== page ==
James Geary’s latest book on the nuances of the English language is called I Is an Other: The Secret Life of Metaphor and How It Shapes the Way We See the World. Its existence begs the question: Is there really enough to say about metaphors for a writer—even one as talented as Mr. Geary—to fill a 304-page book?
Yes—for the most part.
First, the metaphor. It is the act of giving one thing “a name that belongs to something else,” according to Aristotle. It is how we understand the world around us. Consider the following dialogue between a king and his philosopher subject in a story retold by the author:
[T]he King said to him: “If you have anything to say, I wish you would say it plainly and not resort to analogies.”
Hui Tze said, “Suppose there is a man here who does not know what a tan is, and you say to him ‘A tan is like a tan.’ Would he understand?”
“No,” the King said.
“Then were you to say to him ‘A tan is like a bow, but has a strip of bamboo in place of the string.’ Would he understand?”
“Yes, he would,” the King replied.
“A man who explains necessarily makes intelligible that which is not known by comparing it with what is known,” Hui Tze said.
I Is an Other opines that it is near impossible to write anything without the use of a metaphor. Consider this famous American sentence:
Four score and seven years ago, our fathers brought forth, upon this continent, a new nation, conceived in liberty, and dedicated to the proposition that “all men are created equal.”
Geary counts one metaphor for every fifteen words of Lincoln’s famous speech, which is even more surprising when he reminds us that the sum total of the Gettyburg’s Address is only 243 words.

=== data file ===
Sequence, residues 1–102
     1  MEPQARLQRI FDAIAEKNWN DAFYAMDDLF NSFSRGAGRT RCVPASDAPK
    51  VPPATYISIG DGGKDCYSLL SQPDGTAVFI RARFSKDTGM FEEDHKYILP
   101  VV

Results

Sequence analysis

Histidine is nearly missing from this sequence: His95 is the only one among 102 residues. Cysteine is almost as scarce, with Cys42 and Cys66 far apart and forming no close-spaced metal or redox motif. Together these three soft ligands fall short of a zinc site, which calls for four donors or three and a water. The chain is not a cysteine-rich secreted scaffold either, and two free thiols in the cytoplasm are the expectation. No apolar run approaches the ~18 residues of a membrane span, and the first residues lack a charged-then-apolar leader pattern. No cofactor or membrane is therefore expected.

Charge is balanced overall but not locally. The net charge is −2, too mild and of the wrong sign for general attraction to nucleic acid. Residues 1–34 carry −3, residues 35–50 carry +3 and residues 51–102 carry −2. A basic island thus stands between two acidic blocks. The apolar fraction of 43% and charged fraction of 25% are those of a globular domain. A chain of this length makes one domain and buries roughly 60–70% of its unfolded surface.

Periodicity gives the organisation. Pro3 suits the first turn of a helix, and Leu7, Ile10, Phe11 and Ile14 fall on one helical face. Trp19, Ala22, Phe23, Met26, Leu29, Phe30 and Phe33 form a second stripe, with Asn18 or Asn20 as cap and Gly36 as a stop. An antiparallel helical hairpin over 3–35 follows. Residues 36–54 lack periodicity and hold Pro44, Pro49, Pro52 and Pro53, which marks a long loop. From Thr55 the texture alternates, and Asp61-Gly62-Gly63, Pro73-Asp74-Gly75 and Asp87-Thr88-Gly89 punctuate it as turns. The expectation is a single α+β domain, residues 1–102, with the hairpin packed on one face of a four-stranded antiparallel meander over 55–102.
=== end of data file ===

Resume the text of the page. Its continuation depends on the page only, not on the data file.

The author further manages to weave together a fascinating amount of information on a seemingly mundane topic across chapters titled, among others: Metaphor and Money, Metaphor and the Mind, and Metaphor and Politics.
He seems to include everything on the subject, perhaps for the sake of completeness. This is not necessarily a good thing. Does a reader really need to know the neurological basis for particular conceptual metaphors? Arguably not, as it becomes less entertaining as it becomes more pedantic in the middle of the book.
Still, it’s a minor quibble. I Is an Other really shines when it focuses on the simple yet profound. “Juliet is the sun” is a sentence revisited by Geary throughout the book, and it’s an excellent choice: Is Juliet a ball of fiery gas? Or is she, to Romeo, the center of the universe and more?
Our ability to instantly understand what Shakespeare was really trying to say is a mark of both maturity and humanity, and Geary compellingly makes this point clear.
I Is an Other feels like it could have been a superlative 250-page book instead of a very good 304-page book. Still, it has far more good points than bad points and you’ll never look at a metaphor the same way again—metaphorically speaking.